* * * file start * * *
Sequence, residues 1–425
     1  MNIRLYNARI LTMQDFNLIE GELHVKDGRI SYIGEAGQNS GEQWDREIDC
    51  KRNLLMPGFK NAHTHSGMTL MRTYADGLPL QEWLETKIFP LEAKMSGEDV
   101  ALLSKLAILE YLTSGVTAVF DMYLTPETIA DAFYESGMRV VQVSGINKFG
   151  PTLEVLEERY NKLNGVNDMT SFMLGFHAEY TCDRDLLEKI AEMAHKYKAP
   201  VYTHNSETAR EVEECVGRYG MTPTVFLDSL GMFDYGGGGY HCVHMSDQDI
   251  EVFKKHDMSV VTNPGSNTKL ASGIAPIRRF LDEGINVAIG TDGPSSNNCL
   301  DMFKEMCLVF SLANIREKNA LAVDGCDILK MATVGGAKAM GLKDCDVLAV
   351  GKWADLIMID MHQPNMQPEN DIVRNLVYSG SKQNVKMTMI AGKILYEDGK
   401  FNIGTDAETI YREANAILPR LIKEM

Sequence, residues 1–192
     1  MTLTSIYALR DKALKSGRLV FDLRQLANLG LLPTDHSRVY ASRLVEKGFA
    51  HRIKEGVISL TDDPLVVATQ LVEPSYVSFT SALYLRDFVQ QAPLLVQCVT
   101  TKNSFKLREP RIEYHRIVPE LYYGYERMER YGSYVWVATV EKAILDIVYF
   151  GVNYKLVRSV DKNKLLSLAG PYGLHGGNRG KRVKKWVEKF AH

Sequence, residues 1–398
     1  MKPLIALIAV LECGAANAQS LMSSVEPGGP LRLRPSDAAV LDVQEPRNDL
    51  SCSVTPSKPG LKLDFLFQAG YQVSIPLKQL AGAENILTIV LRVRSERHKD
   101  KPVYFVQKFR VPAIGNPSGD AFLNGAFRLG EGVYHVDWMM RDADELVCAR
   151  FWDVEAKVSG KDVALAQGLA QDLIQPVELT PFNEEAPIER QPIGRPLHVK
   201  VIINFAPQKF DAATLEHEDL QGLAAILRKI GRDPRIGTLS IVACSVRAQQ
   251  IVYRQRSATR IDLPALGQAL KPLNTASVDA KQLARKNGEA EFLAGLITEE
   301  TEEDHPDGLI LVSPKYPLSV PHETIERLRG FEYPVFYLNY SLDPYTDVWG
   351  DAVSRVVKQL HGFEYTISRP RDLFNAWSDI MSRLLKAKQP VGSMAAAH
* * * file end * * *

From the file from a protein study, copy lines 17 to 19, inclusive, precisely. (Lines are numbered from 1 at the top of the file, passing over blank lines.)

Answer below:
     1  MKPLIALIAV LECGAANAQS LMSSVEPGGP LRLRPSDAAV LDVQEPRNDL
    51  SCSVTPSKPG LKLDFLFQAG YQVSIPLKQL AGAENILTIV LRVRSERHKD
   101  KPVYFVQKFR VPAIGNPSGD AFLNGAFRLG EGVYHVDWMM RDADELVCAR